Four Artists’ Pictures of an Unspeakable Past

In this time of multiple global wars, genocides, and force displacements, art has a particularly important role to play in helping us be present with unspeakable violence. What’s less visible is the long-lasting trauma that people and families carry through the generations. Peeling the Onion: Visual Reminders at Elza Kayal Gallery aims to do just that, peeling back the layers of memory by featuring four artists who engage with intergenerational trauma through painting, photography, drawings, and video.

When I entered the show, my eyes were drawn immediately to paintings by Anoushka Bhalla, rich in crimson and burgundy and alive with texture. “Portraits from the lost homeland” depicts two figures in an embrace. One looks sorrowfully at the viewer, while the other has a plaintive expression. Next to this are more abstract representations, such as “Hope of the forgotten,” portraying eyeballs gazing upward, and “Night burning,” a singular hand that looks as if it’s holding a wound or a spot of light. Bhalla, a New York-based artist born in India, works with archives of the British Empire to explore its painful legacy of colonialism in South Asia.

Equally arresting are Marsha Nouritza Odabashian’s paintings made with onionskin dye, such as “Homecoming,” in which birdlike figures appear to be returning to buildings amid an explosion. In “Counting Sheep,” a blue-clad figure stares outward into a cloud of sheep and human figures. Born in Boston, Odabashian is the grandchild of Armenian immigrants and genocide survivors. Her works respond to a trip she made to the land of her ancestors, and capture, in my mind, the complex emotions that often arise when visiting sites of familia trauma.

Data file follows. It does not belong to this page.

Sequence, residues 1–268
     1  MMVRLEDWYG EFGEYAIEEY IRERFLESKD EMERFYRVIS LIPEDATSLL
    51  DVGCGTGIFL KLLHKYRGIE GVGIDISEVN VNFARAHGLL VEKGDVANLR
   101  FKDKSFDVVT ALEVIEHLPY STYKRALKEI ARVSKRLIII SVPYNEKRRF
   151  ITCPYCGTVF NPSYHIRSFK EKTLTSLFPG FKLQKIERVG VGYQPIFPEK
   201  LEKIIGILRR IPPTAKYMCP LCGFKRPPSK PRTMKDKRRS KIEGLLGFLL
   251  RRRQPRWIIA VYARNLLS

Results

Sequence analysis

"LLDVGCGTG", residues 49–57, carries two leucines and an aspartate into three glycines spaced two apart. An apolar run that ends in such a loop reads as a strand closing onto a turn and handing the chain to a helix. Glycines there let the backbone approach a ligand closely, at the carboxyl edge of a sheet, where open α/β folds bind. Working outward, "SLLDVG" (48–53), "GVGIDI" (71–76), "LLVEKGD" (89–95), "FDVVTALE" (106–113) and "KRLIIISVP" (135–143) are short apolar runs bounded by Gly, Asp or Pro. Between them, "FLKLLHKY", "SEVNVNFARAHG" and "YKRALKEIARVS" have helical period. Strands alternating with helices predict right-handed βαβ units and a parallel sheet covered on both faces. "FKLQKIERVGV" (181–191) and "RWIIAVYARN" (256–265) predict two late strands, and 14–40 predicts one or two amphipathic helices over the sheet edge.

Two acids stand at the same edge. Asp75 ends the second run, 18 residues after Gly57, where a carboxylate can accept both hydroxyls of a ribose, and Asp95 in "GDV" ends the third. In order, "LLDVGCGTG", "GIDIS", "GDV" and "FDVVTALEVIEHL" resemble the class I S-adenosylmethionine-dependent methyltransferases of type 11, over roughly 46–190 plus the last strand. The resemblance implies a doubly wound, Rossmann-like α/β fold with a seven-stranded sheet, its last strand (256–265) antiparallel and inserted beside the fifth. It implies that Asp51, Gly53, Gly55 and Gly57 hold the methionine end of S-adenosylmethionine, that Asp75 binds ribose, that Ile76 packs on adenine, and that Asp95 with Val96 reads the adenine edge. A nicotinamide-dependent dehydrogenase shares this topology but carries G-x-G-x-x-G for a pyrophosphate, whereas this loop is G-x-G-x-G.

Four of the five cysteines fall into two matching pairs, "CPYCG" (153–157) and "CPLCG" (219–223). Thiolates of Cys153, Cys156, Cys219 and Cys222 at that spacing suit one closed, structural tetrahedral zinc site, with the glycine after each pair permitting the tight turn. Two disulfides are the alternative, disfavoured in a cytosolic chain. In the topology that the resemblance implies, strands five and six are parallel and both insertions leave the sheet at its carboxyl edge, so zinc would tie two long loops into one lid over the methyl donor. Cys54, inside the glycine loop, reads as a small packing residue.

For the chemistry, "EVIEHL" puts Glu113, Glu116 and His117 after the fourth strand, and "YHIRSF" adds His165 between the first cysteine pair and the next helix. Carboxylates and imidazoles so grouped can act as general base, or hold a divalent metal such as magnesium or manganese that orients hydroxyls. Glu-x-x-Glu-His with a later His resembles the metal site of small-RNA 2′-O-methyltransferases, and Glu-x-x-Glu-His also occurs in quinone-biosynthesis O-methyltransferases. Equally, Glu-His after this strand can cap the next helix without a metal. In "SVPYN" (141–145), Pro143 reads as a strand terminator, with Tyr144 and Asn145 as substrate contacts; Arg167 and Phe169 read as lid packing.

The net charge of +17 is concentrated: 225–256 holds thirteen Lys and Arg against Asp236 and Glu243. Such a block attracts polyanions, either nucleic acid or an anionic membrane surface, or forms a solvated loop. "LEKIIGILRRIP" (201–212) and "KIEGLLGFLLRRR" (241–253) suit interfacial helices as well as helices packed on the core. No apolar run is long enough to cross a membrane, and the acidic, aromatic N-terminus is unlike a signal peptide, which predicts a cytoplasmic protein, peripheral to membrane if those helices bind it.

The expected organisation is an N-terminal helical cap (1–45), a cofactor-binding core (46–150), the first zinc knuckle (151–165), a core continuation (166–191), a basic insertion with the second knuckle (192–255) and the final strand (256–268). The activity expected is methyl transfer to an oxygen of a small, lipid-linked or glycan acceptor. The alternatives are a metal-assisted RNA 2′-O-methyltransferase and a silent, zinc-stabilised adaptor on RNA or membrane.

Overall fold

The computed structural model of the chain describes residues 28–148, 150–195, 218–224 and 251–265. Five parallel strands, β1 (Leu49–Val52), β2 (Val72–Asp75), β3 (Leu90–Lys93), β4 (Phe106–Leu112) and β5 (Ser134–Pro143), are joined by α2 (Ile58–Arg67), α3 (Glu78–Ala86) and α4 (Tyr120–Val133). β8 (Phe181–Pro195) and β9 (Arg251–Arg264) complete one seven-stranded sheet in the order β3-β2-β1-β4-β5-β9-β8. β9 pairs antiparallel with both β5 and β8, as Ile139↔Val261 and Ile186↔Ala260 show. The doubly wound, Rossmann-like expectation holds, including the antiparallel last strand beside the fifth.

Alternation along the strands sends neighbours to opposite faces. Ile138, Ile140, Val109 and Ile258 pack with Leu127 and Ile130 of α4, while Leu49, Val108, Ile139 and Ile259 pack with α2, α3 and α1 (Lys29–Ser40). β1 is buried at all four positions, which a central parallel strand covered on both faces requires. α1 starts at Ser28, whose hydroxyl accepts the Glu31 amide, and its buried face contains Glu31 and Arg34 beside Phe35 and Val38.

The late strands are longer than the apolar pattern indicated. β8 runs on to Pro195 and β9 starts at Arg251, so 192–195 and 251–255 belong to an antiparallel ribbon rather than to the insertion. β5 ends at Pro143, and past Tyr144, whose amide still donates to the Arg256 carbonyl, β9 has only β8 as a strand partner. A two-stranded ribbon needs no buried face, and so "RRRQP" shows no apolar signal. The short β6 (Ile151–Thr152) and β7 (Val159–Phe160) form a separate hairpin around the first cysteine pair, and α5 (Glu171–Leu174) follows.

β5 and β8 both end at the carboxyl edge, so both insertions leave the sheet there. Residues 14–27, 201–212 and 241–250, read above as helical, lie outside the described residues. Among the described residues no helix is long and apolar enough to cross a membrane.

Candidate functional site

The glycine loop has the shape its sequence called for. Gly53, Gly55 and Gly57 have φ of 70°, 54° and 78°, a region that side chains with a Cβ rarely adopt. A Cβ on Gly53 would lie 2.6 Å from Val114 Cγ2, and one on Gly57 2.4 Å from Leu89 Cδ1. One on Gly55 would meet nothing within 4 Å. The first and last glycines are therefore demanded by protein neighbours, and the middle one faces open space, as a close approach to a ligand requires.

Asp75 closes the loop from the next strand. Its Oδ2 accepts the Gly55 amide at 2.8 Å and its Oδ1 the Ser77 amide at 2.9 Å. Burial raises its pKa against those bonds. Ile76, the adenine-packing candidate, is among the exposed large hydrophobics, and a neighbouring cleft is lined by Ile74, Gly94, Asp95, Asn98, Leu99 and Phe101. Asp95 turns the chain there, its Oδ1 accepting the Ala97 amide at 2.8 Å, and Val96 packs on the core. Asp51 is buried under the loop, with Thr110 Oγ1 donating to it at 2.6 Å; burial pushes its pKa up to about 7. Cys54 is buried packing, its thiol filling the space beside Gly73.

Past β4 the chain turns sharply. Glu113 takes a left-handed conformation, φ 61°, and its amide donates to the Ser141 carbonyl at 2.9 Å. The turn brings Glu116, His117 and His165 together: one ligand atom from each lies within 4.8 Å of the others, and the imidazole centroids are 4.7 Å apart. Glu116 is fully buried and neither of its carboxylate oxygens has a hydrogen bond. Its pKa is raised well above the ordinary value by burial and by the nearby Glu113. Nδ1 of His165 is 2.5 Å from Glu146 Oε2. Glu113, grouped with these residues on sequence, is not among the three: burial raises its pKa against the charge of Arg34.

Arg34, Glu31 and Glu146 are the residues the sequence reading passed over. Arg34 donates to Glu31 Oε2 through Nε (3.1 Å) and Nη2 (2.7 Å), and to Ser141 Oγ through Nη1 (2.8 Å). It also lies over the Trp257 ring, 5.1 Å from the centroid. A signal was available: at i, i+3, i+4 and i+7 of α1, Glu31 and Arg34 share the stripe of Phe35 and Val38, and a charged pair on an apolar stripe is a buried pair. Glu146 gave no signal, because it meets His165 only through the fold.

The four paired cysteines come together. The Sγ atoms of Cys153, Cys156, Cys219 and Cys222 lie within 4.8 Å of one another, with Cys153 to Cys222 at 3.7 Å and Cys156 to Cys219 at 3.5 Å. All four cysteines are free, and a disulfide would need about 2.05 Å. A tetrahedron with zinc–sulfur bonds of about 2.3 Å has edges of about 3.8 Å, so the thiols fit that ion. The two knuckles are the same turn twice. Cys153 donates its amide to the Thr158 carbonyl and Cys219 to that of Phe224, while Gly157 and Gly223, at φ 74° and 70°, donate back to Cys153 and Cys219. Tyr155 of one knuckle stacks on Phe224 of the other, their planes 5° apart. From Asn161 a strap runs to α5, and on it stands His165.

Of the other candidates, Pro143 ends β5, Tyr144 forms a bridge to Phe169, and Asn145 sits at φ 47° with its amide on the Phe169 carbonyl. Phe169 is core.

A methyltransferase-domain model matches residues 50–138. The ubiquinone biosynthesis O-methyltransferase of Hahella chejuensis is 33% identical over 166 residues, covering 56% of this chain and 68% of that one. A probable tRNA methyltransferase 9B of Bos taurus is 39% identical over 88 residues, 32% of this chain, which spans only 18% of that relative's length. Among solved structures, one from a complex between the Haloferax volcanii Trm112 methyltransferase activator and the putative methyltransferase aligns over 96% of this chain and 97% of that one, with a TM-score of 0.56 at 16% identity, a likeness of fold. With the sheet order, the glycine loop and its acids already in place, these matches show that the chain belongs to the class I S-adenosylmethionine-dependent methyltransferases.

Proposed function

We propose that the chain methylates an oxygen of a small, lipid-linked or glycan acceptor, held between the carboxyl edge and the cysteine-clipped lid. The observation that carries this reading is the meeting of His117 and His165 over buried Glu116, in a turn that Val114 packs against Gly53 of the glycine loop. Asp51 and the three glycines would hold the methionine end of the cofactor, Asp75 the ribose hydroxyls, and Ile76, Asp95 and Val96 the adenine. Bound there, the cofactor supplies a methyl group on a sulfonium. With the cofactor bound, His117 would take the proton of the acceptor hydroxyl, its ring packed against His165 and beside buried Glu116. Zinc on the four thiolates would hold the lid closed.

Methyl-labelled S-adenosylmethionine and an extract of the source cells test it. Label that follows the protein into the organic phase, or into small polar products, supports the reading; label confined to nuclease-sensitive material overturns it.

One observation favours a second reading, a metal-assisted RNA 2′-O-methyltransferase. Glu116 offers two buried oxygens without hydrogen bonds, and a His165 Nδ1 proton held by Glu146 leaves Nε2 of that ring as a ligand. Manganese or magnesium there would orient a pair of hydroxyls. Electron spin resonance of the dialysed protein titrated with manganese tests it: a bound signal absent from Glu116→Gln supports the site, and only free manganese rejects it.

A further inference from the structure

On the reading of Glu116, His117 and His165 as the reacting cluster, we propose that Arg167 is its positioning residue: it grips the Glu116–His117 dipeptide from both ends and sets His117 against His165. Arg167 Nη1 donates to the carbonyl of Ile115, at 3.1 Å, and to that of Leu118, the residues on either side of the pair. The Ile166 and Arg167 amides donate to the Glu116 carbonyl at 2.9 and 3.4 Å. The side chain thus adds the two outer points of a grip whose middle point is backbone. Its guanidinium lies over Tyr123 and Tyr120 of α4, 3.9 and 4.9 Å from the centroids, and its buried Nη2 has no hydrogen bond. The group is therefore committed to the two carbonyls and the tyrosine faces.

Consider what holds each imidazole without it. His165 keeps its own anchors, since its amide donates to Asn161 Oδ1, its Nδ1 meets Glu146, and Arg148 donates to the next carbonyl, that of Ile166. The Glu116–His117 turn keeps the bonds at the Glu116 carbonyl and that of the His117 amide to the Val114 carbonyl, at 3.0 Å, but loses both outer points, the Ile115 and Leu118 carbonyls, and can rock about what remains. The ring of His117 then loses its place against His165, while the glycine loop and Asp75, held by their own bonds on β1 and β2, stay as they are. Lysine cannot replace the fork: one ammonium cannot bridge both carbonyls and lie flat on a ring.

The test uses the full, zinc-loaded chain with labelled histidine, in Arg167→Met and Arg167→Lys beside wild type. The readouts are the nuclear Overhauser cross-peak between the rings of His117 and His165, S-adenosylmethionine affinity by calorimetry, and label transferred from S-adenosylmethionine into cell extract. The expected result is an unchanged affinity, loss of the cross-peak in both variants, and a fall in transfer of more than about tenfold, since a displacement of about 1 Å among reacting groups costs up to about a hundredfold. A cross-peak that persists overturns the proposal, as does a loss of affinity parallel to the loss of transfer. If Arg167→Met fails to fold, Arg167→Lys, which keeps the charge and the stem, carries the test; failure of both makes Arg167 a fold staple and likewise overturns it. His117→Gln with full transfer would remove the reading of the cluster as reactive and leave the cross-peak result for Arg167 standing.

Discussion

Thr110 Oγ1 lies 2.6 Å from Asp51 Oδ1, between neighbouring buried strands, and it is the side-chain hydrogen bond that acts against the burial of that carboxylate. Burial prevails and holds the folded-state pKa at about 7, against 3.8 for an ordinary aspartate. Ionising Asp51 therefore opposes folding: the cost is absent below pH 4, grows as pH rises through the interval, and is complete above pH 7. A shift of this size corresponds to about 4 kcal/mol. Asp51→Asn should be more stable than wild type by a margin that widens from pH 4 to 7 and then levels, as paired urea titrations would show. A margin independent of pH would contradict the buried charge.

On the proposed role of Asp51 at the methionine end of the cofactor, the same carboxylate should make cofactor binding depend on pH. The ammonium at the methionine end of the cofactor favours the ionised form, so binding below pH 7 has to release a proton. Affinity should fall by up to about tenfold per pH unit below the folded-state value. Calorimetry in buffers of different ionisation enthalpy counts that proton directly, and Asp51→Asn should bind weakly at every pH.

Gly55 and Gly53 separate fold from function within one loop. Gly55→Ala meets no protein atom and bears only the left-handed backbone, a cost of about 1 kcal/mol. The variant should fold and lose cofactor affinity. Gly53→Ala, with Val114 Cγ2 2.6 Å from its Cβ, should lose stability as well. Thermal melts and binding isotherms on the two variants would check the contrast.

In an artist’s statement, Odabashian explains her choice of material, the onions after which the show is named:

Painting for me is magical and my earliest experiences with painting involved my mother using onionskins to dye Easter Eggs. I was always fascinated that white or brown eggs thrown into a pot and boiled with yellow onionskins would come out bright maroon. I was haunted by the history of the tradition and the ritual …. When I begin the dying process, I bury the canvas or paper in the onionskins or soak it in the watery dye and let it dry. Some of the onionskin falls off when it dries and some of it sticks.

New York artist Kevork Mourad, a descendent of Armenian refugees in Syria, presents a series of Flight sketches, images made on plane rides. Rich with line and texture, many capture human-like figures in a mix of dancing and writhing, based on his childhood memories from Armenia and Syria. Best known for live drawing in concert with musicians, he also created the enigmatic “Hidden Portal 1” and “Hidden Portal 2,” two acrylic on cotton fabric works that go three layers deep, like a three-dimensional maze set to the tune of a cacophonous chamber orchestra. They reflect on war and the consequent refugee crises.

Two photos by Massachusetts artist Adrienne Der Marderosian, a descendent of survivors of the Armenian Genocide, reach out, almost literally, from their black and white frames. We cannot see their faces, but we can see the palms of their hands, which in some cultures are believed to carry traces of memory and history. If the other three artists’ works are about remembering across generations, these two photos are about forgetting.

“On my maternal side,” writes Der Marderosian in a gallery statement, “they were unable to tell their stories and so that part of our family history is lost. Their experience was too painful to explain and so their unspoken truths, remain with them.”

“Ultimately,” she adds,” I found the answers to what I am searching for lie within me.”

Peeling the Onion: Visual Reminders continues at Elza Kayal Gallery (368 Broadway, Suite 409, Tribeca, Manhattan) through June 15. The exhibition was organized by the gallery.

Source link

About The Author

Scroll to Top